exporting into Nisus

I have been trying to compile and export a Scrivener document into a program I can actually format. No matter where I choose to save it, it always saves it as a “TextEdit” version which means that I can’t add any formatting at all. I’ve purchased Nisus Writer Pro but can find nowhere in the compile or export process to have it exported into Nisus and can’t find any way to save those text edit versions into Nisus either. What am I missing? I’m so confused. :frowning:

This comes down to how files and applications are handled on your Mac. File formats are protocols, basically. A set of instructions that applications can be programmed to understand. Nisus understands RTF files very well, for example. However all by itself, it is just an RTF file, a set of instructions for a program to load and interpret how it will.

The second ingredient in this equation is the operating system. It can be set up to establish whether files should be “associated” with one application or another. You can say: treat all JPEG files as belonging to Acorn, instead of Preview, and from that point on whenever you double-click on a JPEG file it will open in Acorn instead of Preview.

Your Mac is shipped with a bunch of defaults, most of which point back to the basic programs that come for free on your Mac, like TextEdit. If you wish to use another program to handle RTF files, you need to tell the Mac that this is what you want. It isn’t something that you would tell Scrivener to do, because all it does is make the RTF file and save it, as described above, as a series of instructions in a file on your disk. It leaves the finer details of how the file should be opened up to your Mac, and ultimately you, once you know how to control it.

To tell your Mac that you want to open RTF files in Nisus, all you need to do is select any RTF file you can find—it doesn’t matter which one—and use the [b]File/Get Info[/b] menu command. This will open a palette for the file with a bunch of details. Look for a section called “Open With”, and click the little arrow beside it if necessary to expand it. It should say “TextEdit” in a drop-down menu. Use this menu to select Nisus Writer Pro. Now that one file will always open in Nisus Writer Pro. The rest will still use TextEdit. To fix that, click the [b]Change All...[/b] button right below. You will be asked for confirmation, do so, and a few seconds later all RTFs on your computer will now be set to open in Nisus when you double-click on them, and any new RTF files will open in Nisus as well. It will stay this way until you (or a program you install, in some cases) change it.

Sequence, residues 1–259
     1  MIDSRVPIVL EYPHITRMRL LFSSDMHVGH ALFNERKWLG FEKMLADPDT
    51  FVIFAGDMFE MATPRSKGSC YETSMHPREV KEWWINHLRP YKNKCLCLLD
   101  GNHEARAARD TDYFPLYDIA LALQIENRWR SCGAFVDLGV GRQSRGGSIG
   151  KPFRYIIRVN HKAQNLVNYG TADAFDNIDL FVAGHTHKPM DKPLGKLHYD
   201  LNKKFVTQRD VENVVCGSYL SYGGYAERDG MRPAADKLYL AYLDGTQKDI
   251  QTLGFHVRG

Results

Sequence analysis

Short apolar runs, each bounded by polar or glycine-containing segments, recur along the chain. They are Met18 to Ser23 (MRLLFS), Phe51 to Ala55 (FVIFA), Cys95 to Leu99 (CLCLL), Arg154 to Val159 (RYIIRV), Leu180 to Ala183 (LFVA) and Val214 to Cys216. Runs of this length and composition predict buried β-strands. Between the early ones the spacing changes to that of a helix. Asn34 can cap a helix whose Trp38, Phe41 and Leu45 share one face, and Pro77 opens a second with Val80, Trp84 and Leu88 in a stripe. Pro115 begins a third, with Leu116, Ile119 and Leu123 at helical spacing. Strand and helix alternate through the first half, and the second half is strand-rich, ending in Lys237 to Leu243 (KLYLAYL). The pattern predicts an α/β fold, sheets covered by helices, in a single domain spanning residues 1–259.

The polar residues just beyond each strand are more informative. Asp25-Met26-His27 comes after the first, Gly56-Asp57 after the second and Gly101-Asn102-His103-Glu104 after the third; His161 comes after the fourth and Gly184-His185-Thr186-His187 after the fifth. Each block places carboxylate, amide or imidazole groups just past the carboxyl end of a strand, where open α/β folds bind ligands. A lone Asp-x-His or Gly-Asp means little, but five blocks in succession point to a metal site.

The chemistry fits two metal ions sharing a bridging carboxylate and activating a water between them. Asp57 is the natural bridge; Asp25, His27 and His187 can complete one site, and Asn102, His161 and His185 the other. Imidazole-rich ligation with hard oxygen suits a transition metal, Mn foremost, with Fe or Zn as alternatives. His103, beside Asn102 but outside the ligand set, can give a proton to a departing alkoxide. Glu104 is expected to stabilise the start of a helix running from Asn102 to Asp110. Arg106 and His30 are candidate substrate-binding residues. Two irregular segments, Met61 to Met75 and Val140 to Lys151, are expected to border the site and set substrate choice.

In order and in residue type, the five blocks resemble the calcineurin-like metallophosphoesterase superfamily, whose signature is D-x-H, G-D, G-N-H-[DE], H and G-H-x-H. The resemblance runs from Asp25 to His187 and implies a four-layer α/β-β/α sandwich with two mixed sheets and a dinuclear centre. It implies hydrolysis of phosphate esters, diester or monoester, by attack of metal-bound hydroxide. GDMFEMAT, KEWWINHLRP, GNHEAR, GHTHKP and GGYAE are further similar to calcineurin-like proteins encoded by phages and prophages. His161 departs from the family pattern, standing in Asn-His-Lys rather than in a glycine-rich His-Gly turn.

So as you can see, on a Mac you can have two kinds of association. There is a default association that all file types have, and then you can set up individual associations for each file if you wish.

Additionally, there are three ways to temporarily override either forms of default described above.

  1. You can drag and drop any file onto a program’s application icon in the Dock (or anywhere else you can see that icon). If the file type is something the program recognises, it will let you do this
  2. From that application itself, use its [b]File/Open...[/b] (or similar) command to select the file with a browser and open it. This varies depending on the application
  3. Lastly, click on the file in Finder once, and then use the [b]File/Open With/[/b] sub-menu to choose an application to open it with.

All three of those methods are temporary. They will not change the default, and will only open the file that one time in the selected application. So it is useful if you just want to view something in Nisus once.

Thank you SO much. That is incredibly helpful! I’m new to Macs and really need to get myself a manual and then use it–for dummies, probably. I’m going to try to change the RTF association now. Thanks again!

That worked like a charm. :slight_smile: So appreciate the time it took you to write that all out for me, AmberV.

You’re welcome! You might want to check out the “Take Control” series of books. They have a number of e-books on how to use the Mac, and they also have one for Scrivener, too, which you can even pick up from our store.